[Poetry Tyrant Doug Holder wrote this piece for Spare Change. It is re-published here, but will not be in the print edition of our paper.--Editor.]
Boston street icon “Mr. Butch” dies at age 56
by Doug Holder
It is poetic justice that Mr. Butch died on the streets of Boston in a motor scooter accident. He was a true creature of those streets for so many years.
When I first moved back to Boston in the late 70’s I was living in a rooming house on Newbury Street (yes there were rooming houses there!) and working at a grocery store at the corner of Newbury and Mass Ave. I worked the 3 to 11 shift, and I had a wonderful but unsavory cast of characters who frequented the store. There was a buck-toothed African-American prostitute who proudly told me: “I only give head to my man.” There was a middle-aged security guard Maynard, who reminded me of a uniformed Noel Coward; his hat tilted at a rakish angle, an ever-present sardonic smile, and a cigarette dangling elegantly and effeminately between his fingers. He would tell me of his sexual encounters during his shift. It seems he was always approached by a handsome young man who insisted on doing “favors” for him. “I mean what’s a girl, I mean…a guy to do!” The famed rock group “The Cars” recorded a few buildings down and they all had sophisticated tastes, requesting a variety of Drake’s Cakes.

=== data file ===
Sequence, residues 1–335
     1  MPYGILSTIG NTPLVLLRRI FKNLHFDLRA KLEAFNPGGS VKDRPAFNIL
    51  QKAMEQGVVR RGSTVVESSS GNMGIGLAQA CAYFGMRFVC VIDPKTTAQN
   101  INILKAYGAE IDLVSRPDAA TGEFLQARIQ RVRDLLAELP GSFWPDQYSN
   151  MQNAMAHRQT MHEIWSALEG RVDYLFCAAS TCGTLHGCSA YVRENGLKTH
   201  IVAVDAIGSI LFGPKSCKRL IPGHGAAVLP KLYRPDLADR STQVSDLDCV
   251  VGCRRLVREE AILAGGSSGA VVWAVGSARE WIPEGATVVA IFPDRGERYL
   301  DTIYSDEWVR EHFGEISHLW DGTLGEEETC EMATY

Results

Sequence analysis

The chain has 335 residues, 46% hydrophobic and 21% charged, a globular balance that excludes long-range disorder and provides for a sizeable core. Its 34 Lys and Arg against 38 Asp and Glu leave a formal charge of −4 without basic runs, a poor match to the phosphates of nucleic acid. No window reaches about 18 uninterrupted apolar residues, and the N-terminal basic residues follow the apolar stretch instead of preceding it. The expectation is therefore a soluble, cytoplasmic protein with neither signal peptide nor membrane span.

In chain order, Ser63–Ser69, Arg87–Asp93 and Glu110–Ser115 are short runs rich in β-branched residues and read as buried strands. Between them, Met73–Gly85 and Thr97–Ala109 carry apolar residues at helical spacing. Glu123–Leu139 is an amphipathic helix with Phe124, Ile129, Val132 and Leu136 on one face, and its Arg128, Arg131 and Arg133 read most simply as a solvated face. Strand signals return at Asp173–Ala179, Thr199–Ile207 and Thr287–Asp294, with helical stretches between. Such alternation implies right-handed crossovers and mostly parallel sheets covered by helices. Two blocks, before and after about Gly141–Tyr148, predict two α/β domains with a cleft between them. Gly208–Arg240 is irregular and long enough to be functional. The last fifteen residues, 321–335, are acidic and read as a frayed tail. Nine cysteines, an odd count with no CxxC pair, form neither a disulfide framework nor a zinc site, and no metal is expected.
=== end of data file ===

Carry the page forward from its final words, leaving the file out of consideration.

But one of the most memorable characters was a tall, lanky, Blackman with dreadlocks and an infectious laugh, who always tried to cop a cup of free coffee and a snack. Sometimes he would have a bright red guitar strapped to his back. He often smelled of booze, or the sweet smell of marijuana would waft my way when he approached the counter. One very cold winter night I let him stay in the store, forgetting to let him out when I locked up. He spent the night there, and I am sure he had a nice meal, and an undisturbed, peaceful sleep, much to the manager’s chagrin. Suffice to say I wasn’t long for that gig.